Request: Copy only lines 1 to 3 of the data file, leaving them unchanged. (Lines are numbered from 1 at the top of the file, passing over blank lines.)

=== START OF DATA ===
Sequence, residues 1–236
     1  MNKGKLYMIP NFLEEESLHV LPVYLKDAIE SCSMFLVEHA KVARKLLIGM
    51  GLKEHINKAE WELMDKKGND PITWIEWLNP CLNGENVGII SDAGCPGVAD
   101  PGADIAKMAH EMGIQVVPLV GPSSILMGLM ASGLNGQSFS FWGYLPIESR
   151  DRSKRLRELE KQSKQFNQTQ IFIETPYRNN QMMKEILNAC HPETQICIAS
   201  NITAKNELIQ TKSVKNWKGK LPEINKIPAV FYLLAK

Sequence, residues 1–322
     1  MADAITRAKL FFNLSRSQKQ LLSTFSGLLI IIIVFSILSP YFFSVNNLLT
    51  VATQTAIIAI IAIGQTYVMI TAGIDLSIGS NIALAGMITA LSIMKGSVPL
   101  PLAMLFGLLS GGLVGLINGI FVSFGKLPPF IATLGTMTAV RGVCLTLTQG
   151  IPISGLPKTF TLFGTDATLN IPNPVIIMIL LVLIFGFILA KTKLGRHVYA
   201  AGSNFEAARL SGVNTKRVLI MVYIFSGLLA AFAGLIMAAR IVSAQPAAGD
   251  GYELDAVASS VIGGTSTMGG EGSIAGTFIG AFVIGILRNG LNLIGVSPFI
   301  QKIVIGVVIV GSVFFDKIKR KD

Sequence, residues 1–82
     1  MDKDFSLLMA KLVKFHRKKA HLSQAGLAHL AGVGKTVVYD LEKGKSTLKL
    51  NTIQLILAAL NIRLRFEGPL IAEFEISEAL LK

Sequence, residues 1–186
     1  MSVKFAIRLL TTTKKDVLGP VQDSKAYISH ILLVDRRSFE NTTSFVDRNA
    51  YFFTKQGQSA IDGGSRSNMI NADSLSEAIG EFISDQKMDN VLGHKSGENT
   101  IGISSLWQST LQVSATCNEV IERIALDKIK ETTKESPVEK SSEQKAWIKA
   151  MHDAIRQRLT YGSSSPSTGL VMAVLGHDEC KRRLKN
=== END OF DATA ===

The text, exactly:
Sequence, residues 1–236
     1  MNKGKLYMIP NFLEEESLHV LPVYLKDAIE SCSMFLVEHA KVARKLLIGM
    51  GLKEHINKAE WELMDKKGND PITWIEWLNP CLNGENVGII SDAGCPGVAD